This portico lined square is situated at the heart of Hapsburg Madrid, the old part of the city and one of the capital’s most charming districts.
El Retiro Park
This green oasis in the centre of Madrid has125 hectares and is home to over 15,000 trees. From the botanical point of view, the Park includes some very important gardens: the Jardín de Vivaces, the Jardines de Cecilio Rodríguez (classical gardens of an Andalusian style), the Jardines del Arquitecto Herrero Palacios, the Rose Garden, and the Parterre Francés with the oldest tree in Madrid, a bald cypress that is believed to be 400 years old.
Puerta del Sol
Central and bustling, Puerta del Sol is one of Madrid’s best known squares. Several busy historical streets, such as Calle Mayor, Calle Arenal, Calle Alcalá and Calle Preciados, converge here and it contains several of the city’s best known landmarks.
The Cibeles Fountain, created in 1782 and situated in its current location since 1895, has ended up lending its name to one of the most emblematic squares of Madrid. It has also become a symbol of the capital. The Fountain depicts the Roman goddess of the same name (Cybele in English), symbol of the Earth, agriculture, and fertility, atop a chariot drawn by lions.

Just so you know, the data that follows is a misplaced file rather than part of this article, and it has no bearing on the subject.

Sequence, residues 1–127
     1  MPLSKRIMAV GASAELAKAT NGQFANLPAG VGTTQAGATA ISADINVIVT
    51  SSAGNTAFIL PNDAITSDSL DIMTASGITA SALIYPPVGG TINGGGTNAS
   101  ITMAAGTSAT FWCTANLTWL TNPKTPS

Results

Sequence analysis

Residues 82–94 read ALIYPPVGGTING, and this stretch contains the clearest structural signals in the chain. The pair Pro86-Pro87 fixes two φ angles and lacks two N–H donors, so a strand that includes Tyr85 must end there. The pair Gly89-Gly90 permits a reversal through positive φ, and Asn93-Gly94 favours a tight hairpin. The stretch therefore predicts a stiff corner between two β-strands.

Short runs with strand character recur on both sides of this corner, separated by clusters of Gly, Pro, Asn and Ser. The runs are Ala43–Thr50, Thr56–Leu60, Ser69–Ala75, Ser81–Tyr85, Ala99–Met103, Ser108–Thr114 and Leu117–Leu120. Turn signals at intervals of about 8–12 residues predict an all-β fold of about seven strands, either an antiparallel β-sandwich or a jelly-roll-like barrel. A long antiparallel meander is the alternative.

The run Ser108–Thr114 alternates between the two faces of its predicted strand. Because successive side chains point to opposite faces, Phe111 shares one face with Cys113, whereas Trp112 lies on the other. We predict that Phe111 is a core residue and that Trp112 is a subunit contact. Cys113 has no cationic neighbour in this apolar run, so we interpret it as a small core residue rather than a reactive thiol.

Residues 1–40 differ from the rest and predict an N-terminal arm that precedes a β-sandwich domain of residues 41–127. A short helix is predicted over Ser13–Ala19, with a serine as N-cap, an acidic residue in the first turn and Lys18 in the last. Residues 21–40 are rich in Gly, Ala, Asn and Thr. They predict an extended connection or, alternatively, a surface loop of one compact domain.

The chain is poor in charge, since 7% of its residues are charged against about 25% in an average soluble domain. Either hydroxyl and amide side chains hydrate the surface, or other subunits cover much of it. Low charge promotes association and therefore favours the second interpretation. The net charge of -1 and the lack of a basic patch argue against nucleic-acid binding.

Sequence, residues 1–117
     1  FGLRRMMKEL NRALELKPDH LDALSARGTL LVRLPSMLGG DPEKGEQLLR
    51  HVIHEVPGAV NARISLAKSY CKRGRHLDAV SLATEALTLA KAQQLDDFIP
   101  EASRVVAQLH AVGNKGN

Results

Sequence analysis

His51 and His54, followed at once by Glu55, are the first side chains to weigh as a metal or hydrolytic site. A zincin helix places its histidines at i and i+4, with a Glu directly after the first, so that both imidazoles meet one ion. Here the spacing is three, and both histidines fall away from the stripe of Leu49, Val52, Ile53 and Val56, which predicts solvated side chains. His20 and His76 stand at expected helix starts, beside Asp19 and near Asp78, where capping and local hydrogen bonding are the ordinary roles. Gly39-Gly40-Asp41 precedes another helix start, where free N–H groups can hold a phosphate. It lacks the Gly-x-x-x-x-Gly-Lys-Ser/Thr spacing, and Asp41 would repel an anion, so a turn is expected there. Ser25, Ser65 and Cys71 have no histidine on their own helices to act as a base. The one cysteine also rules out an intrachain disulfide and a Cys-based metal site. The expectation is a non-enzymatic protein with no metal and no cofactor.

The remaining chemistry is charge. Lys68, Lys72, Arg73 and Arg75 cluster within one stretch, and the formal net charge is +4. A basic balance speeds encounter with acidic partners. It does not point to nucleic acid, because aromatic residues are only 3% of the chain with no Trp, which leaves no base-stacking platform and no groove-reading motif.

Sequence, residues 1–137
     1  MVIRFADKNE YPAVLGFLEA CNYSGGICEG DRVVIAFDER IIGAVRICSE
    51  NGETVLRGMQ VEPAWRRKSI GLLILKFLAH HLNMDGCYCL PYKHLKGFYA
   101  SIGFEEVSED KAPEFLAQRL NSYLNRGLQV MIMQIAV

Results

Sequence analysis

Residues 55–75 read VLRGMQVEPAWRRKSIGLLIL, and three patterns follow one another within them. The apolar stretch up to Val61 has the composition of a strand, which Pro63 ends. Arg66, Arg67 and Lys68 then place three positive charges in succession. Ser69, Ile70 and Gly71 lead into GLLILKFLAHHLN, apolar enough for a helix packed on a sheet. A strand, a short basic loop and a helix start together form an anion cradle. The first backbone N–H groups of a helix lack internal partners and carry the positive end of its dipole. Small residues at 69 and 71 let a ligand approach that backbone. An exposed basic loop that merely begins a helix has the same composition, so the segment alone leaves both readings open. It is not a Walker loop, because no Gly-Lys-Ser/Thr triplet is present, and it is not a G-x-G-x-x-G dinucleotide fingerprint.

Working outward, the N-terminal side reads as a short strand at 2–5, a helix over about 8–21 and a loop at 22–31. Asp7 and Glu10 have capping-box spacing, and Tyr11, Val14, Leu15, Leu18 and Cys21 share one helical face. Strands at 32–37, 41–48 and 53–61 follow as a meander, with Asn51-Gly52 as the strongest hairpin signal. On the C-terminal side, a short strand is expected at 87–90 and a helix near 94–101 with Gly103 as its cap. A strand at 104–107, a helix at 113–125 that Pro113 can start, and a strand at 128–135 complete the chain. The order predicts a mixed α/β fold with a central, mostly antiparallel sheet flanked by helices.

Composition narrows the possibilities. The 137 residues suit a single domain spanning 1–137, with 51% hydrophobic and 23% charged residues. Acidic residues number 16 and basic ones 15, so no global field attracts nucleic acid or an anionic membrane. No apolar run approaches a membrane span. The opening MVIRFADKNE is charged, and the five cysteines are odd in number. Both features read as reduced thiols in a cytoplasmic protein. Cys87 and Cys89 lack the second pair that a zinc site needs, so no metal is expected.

Puerta de Alcalá
The gate was built by Sabatini in 1778 as part of the city decoration restorations promoted by Charles III. It is made of granite and is an excellent example of proportion, harmony, and elegance. The King commissioned the work to Sabatini in order to commemorate his arrival at the capital in 1778. The gate was located at the entrance of the city, next to the Alcalá de Henares road, from which it received its name.
Las Ventas Bullring
Based on a project by José Espelius, who died during its construction, it was completed by Manuel Muñoz Monasterio in 1931 and opened in the same year. Las Ventas holds 23,798 fans and, at 196 feet in diameter, the arena is one of the largest in the world.